Clearer line graphs; Issue #352 December 7, 2015

In my book Select Effective Visuals, I discuss that a line graph is the best visual to use when your message is to show the trend in a series of data. I also wrote a newsletter earlier this year on why line graphs are better than column graphs to show trends (click here to read that article). In this article I want to share a few tips on formatting line graphs so that the message of the trend is clear.

The first tip is to make the lines longer by changing where the line starts and ends on the graph. This is actually done by changing a setting on the horizontal axis called Position Axis (in 2007/10 versions of PowerPoint) or Axis Position (in 2013/16 versions). Double-click on the horizontal axis and change this setting to On tick marks. Here is what the setting looks like:


What this setting does is move the categories at the bottom of the slide so they start at the vertical axis and end at the end of the graph instead of being indented from each end. Here is what it looks like comparing the default position of Between tick marks (top graph below) with the setting of On tick marks (Bottom graph below):


This also makes it easier for the audience to determine the starting value of the line because the line now starts at the vertical axis.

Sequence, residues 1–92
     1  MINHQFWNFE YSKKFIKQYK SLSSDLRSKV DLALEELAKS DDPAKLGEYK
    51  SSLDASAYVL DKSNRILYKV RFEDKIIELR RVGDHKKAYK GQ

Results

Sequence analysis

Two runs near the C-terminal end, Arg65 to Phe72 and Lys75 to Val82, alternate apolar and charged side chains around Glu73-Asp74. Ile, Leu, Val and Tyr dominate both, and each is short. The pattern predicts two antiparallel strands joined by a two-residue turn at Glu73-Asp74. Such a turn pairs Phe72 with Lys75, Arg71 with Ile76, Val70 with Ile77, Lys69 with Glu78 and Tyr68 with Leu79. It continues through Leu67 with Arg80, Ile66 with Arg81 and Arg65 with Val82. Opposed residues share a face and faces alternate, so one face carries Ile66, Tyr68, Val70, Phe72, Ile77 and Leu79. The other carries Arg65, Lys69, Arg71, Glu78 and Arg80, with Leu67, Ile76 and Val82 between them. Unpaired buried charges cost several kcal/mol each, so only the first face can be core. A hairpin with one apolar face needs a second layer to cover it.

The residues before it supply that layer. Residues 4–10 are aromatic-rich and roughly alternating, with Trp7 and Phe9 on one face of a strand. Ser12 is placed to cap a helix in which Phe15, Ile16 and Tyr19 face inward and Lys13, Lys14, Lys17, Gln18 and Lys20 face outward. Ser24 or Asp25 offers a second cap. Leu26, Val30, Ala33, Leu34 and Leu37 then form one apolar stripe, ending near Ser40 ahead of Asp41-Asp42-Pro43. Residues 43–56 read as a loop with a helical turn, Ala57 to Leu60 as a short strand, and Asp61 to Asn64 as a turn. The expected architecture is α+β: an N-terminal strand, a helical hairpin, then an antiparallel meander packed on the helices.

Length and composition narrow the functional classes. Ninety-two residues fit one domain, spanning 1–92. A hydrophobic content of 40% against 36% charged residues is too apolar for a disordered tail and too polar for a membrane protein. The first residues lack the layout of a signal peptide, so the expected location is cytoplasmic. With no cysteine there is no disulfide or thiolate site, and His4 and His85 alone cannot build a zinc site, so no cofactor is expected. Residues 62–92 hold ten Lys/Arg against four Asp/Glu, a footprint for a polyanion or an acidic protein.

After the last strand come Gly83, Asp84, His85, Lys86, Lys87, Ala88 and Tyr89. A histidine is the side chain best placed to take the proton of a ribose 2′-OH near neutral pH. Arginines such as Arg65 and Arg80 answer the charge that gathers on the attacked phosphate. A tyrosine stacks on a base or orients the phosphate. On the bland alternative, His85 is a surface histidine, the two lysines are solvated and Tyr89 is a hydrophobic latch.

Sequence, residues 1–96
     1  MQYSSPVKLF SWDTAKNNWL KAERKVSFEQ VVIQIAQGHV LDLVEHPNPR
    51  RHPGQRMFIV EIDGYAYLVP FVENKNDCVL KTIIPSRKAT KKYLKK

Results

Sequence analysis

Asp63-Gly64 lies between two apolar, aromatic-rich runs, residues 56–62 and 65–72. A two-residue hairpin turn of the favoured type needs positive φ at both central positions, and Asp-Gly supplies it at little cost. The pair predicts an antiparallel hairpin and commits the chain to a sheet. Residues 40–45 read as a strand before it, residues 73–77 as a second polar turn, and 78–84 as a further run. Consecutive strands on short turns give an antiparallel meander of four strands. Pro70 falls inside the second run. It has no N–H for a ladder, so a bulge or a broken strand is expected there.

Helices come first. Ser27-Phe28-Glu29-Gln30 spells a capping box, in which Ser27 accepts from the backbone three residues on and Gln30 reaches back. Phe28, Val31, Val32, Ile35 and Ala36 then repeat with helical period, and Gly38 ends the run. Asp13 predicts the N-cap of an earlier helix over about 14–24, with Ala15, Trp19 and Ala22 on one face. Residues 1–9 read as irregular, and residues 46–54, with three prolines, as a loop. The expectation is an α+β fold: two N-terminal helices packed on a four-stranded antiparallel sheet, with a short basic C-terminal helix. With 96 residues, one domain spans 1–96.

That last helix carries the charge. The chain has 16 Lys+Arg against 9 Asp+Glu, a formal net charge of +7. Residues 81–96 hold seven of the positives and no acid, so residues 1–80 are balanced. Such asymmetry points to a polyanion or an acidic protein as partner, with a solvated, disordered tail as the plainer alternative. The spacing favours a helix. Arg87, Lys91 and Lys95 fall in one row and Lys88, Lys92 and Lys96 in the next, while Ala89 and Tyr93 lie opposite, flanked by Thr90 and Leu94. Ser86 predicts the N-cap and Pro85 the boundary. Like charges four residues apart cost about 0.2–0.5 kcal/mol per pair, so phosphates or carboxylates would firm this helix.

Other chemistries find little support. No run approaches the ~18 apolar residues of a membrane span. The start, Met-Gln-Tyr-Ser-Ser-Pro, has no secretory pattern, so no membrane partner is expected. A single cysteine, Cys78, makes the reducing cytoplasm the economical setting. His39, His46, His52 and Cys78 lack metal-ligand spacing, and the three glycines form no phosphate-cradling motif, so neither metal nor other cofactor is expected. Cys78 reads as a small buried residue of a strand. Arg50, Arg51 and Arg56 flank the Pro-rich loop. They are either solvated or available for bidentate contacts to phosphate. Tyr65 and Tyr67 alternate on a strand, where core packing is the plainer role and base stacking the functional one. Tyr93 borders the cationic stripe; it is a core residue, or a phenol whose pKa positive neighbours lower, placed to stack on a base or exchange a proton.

The second tip is to remove the horizontal gridlines. In most cases, these do not help the audience because they distract from the trends you want them to focus on. The one exception is when the trend you are showing is very close to horizontal. In this situation, you may want to include light gridlines so that the audience can determine if the trend is slightly increasing or decreasing by comparing it to a known horizontal line.

The third tip is one I discussed in an earlier newsletter article on labelling techniques. It is to replace the legend with data labels of the series names at the end of the line. This gives more space for the lines and makes the trend easier to see. You may need to adjust the width of plot area of the graph depending on the length of text in each label. Here is the comparison of the original graph to the version with gridlines removed and labels to the right of the lines instead of a legend.


When you look at the above comparison, you can see how applying these three tips can make a line graph easier for your audience to understand.

P.S. In case you are wondering, each of the graphs shown above are the same size object on the slide. You can see how using that space to focus on the message of the trend instead of the distracting default lines and legend make the graph much clearer.